#4/100: Learning Curve

It isn’t everyday that something important sinks in. A little kid realizes that stones don’t float. They will never float, no matter how small they are or how light them seem. They will sink to the bottom of the lake every time.

On my way to a meeting today, I got on the elevator and a slender man in a white dress shirt and khakis got in behind me. I stood on one side of the elevator, looking to make sure that I’d pushed the right button, noticing where he was, to my left and behind me, I could see him over my shoulder. I could see that he was going to 5. I was getting off at 2. A short ride.

What if, I thought to myself, what if this man attacked me? What if he actually put his hands on me? What if he robbed me? Or stopped the elevator and raped me? If that happened to someone, I thought, how could they ever get on an elevator again? How could they even set foot into that little box of a place and watch the doors close? Jesus. Fuck. I thought. How does anyone ever recover from being attacked like that?

How do they survive? I felt like a foolish six-year old in my wonderment. Of course they survive. You know survivors, Jan. What did you think they were talking about? The post traumatic stress, the hyper-vigilance, the permanent change in how they see the world. Why are you such a little Shirley Temple?

Last week I sat in a meeting with several people discussing a public response to a recent police shooting of an African American man who was later determined to have mental health issues. Our group was working on recommendations or demands, actually, to be made to the local police department in terms of better training for officers. I have been very intense about this issue, adamant that a strong position be taken.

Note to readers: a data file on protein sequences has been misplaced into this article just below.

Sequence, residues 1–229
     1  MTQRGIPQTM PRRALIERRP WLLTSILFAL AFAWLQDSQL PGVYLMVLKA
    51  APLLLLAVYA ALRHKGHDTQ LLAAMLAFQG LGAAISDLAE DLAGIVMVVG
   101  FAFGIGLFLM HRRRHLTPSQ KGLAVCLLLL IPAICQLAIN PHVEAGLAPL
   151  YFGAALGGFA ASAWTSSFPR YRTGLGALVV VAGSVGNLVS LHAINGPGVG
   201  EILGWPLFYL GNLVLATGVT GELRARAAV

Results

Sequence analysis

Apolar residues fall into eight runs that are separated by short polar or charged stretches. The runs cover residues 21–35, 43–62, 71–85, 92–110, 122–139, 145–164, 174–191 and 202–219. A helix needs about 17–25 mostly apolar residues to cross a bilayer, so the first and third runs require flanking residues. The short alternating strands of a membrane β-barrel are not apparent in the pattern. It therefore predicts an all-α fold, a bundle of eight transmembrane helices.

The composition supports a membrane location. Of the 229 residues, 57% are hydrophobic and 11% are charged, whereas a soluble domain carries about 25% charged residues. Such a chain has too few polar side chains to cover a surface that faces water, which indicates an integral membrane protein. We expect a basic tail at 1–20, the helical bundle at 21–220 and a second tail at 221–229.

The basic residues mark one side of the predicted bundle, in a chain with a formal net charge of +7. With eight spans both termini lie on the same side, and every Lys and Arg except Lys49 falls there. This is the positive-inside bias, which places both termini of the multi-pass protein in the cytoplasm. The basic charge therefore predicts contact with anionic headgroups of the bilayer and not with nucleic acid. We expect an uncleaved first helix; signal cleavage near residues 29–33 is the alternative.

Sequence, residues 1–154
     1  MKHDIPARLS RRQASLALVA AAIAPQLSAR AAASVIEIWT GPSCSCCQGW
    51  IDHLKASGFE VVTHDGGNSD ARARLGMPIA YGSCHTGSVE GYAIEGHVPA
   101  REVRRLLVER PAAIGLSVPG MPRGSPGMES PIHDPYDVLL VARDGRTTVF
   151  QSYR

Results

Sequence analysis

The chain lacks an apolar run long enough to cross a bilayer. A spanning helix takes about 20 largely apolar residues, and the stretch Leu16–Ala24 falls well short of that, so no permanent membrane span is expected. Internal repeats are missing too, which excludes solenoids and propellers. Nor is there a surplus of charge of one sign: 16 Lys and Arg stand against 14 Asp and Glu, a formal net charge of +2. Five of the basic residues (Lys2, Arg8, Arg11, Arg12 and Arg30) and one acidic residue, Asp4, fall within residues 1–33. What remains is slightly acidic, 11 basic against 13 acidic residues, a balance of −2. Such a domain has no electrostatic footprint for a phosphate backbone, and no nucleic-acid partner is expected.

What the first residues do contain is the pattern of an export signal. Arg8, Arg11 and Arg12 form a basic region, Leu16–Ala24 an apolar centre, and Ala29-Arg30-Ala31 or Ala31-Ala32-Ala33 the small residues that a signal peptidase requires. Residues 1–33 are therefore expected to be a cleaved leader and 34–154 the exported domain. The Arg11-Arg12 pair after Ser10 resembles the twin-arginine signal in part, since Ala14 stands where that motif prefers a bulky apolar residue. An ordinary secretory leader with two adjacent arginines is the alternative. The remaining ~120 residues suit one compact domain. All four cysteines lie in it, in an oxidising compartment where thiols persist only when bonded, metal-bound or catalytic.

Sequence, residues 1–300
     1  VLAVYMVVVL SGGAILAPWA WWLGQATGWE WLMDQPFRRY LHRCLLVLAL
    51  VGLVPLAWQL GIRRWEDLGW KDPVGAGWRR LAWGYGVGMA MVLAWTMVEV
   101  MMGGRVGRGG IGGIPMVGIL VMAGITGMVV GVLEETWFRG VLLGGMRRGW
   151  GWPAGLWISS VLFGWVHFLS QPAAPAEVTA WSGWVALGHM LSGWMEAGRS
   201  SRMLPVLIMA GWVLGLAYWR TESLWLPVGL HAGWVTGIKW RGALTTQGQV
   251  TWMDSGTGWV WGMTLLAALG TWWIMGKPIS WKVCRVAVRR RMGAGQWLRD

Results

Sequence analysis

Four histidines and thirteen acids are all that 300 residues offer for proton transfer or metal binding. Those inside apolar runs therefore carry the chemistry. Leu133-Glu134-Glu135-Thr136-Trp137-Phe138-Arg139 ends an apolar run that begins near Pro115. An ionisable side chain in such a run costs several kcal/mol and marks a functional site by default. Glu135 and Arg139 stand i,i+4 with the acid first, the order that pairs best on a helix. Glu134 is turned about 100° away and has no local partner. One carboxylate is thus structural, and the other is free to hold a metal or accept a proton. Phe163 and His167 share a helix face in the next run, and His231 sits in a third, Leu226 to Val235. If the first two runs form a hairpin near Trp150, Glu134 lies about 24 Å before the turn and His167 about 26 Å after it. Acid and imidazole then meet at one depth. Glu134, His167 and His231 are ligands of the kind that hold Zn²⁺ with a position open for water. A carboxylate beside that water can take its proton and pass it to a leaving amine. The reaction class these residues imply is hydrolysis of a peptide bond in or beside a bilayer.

And then one of the people in the group, an African American woman who is a well-known leader in mental health and who, herself, has a son with serious mental illness, looked at me and said, “Black men have been dying in police custody forever. This isn’t something new. Just because it was a Black man getting shot in a white neighborhood doesn’t change anything. This has been going on forever.”

“I know,” I nodded, as if I did.  I didn’t. I don’t.

But I am thinking now as I write this that the path to righteousness isn’t knowing everything. Maybe it’s in the missteps and delayed understanding, finally realizing that the stone will always sink after throwing thousands in the water.

And appreciating the patience of others. That’s it. Appreciating the patience of others as I figure out what they already know.

 

3 Comments on “#4/100: Learning Curve

  1. So much said in this, and not all about the learning curve. I used a video in my classes on human development and in it a African American mother, a professional woman, in a very gentle but strong voice said she worries about her boys who are reaching adolescence. She says “Black adolescent males are an endangered species.” This hit me between the eyes and stuck. I learned something that I still can’t comprehend – that some mothers fear that there is nothing they can do to protect their children from a fate that has a high probability of happening. It is a fate that is even outside the control of the adolescent – no matter how much they learn about living in their various worlds, there are people who can and very likely will ruin their lives.

    Like

  2. If I was religious I’d say Amen!
    Since I am not, I will say great insight!
    Righteousness sucks.
    Embracing life and being open to what we don’t know is where the real learning is.
    Be curious.
    Be open.
    Learn forever.
    It’s tough work!
    Val 😉

    Like

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